Book full-price flights

Look, we get it: Nobody wants to pay full price, especially if discount options are available. But sometimes, that full-price flight is exactly what you need for times when things go wrong, because those are the only tickets that are fully refundable without cancellation or change fees.

Related: The best ways to avoid flight change and cancellation fees

Book award flights for greater flexibility

Here at The Points Guy, we often tout the value of points and miles for getting outsized value on your travel. Whether it's for first-class travel for an out-of-pocket cash cost of a few dollars toward taxes and fees, or last-minute flights to see a family member in an emergency, points and miles are your biggest money saver in the travel game.

Related: Here's what your points and miles are worth this month

This principle holds true when it comes to cancelling award bookings as well: Most airlines and hotels offer more lenient rules when it comes to award reservations because they're refunding you in the company's loyalty currency. If you cancel in advance, you can usually request to redeposit your miles for a fee, depending on whether or not you hold elite status with the airline. United's top-tier elite 1K members , for instance, are eligible for full refunds on award mile redeposits up to the time of travel.

Just be sure to cancel before your flight is scheduled to depart: In some cases, those miles are forfeit the moment that flight takes off without you. In others, you'll have to pay a higher fee to have those miles reinstated to you; United, for instance, charges $125 to get your miles back after no-showing on a flight, even for top-tier elite members.

Book with Southwest

Ahh, Southwest: America's favorite family-friendly airline continues to set itself apart from the competition. Beyond the free checked bags and open seating, Southwest offers one of the best policies of all time: Cancel or change your flight at any time, and simply pay the difference. There are no penalty fees at any point, even if the fare goes up or down.

Related: You'll never pay change or cancellation fees on Southwest

When it comes to Southwest cancellations , here's what you need to know:

  • For award travel, you get your Rapid Rewards points back immediately after you cancel. You will be refunded the points even if you no-show a flight (although it's good form to cancel as courtesy to the airline, and for other passengers who may be waiting standby).
  • For flights paid in cash, you can get a full refund within 24 hours, as with most U.S. airlines; after that, you get the value of your ticket in the form of Southwest credit , which is valid for one year from the date of original booking. You must cancel more than 10 minutes before your scheduled departure time.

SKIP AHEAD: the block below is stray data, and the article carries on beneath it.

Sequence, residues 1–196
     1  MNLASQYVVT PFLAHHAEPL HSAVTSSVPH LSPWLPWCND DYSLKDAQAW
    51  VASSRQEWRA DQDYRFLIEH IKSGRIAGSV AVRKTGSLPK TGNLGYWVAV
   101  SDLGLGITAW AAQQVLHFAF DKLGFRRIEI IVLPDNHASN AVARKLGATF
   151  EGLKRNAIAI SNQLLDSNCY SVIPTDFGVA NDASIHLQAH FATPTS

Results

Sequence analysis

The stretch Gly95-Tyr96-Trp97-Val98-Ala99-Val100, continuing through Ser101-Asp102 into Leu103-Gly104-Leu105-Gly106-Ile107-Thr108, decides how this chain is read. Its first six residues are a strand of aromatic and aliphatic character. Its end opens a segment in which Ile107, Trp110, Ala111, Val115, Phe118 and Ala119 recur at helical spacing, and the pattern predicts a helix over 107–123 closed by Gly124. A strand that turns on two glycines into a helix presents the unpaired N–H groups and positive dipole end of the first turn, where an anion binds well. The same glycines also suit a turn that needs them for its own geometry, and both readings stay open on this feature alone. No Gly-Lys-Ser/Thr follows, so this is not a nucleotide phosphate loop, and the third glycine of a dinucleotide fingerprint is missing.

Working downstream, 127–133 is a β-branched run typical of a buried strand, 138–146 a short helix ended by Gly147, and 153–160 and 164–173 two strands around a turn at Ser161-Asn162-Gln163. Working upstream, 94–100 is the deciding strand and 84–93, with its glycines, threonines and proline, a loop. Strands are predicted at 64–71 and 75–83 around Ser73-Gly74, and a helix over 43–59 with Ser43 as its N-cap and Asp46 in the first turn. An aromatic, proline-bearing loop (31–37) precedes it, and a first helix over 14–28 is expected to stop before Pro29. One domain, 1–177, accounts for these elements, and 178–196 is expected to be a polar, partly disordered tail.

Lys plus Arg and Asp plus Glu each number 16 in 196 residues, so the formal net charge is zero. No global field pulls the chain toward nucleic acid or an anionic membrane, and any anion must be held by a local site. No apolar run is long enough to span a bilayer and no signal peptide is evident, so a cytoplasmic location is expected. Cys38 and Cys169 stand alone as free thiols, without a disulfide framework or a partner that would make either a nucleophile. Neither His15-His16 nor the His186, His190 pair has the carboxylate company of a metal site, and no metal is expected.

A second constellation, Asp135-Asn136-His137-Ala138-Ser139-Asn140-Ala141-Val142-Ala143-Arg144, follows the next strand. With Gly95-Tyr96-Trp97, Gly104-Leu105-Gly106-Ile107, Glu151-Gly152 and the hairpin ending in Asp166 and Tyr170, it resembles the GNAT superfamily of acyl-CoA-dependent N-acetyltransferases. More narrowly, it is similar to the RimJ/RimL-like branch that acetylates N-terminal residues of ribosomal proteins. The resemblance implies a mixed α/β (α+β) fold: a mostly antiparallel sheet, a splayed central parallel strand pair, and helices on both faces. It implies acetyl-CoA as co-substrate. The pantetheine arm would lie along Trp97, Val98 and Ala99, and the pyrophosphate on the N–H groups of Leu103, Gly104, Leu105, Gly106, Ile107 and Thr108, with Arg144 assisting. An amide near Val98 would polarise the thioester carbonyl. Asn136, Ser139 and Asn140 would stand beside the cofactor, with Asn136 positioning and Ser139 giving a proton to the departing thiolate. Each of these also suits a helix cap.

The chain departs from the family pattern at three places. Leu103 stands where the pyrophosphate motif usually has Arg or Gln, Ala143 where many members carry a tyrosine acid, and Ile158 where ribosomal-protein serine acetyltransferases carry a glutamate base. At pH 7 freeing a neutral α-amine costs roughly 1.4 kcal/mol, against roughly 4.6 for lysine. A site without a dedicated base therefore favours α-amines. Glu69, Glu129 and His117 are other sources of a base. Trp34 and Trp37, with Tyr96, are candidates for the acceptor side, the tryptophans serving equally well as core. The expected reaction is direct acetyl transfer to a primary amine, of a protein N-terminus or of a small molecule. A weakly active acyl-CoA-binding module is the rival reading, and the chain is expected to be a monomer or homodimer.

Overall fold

Book through an airline offering waivers for travel impacted by coronavirus

A number of airlines have begun offering waivers for travel booked over the next couple of months. If you're planning a trip but have been feeling hesitant over coronavirus concerns, consider booking with one of these airlines.

Here's what you need to know for U.S. airlines flying to Europe ; and here's what you need to know for domestic travel .

Related: These airlines and hotels are offering full refunds for bookings in coronavirus-impacted regions

Note that these waivers apply to travel that hasn't been booked yet; if you have a trip already on the books, consult our guide to independent travel insurance to learn more about your options .

Purchase Freebird flight protection for domestic flights

Freebird essentially works as a "$19 insurance" option for domestic flights: If your flight is canceled or delayed past a certain number of hours, Freebird will book you on the next flight of your choice that's headed to your destination — even if it's on another airline.

Book low-budget flights you don't mind abandoning if necessary

Most frequent fliers don't celebrate low-cost carriers for either comfort or convenience. Instead, budget airlines usually win on one front alone — cost. The reason is simple: If you just need to get from Point A to Point B, a good fare on a low-cost carrier can cost less than a tank of gas. Similarly, if you're planning a trip but don't want to drop cash on a travel insurance plan, purchasing a budget fare may make more sense than paying for a full-fare ticket you may have to abandon.

Book directly through hotels with liberal cancellation policies

Each chain, brand and property has its own rules and guidelines , and sometimes different room rates will even incur varying cancellation times and dates — some lower-cost fares, for instance, often include a nonrefundable clause. Others like to get tricky; sometimes an individual property will request greater advance-notice windows despite its parent company policies. Make sure you read the fine print carefully, and ideally more than once, before hitting "confirm", for peace of mind.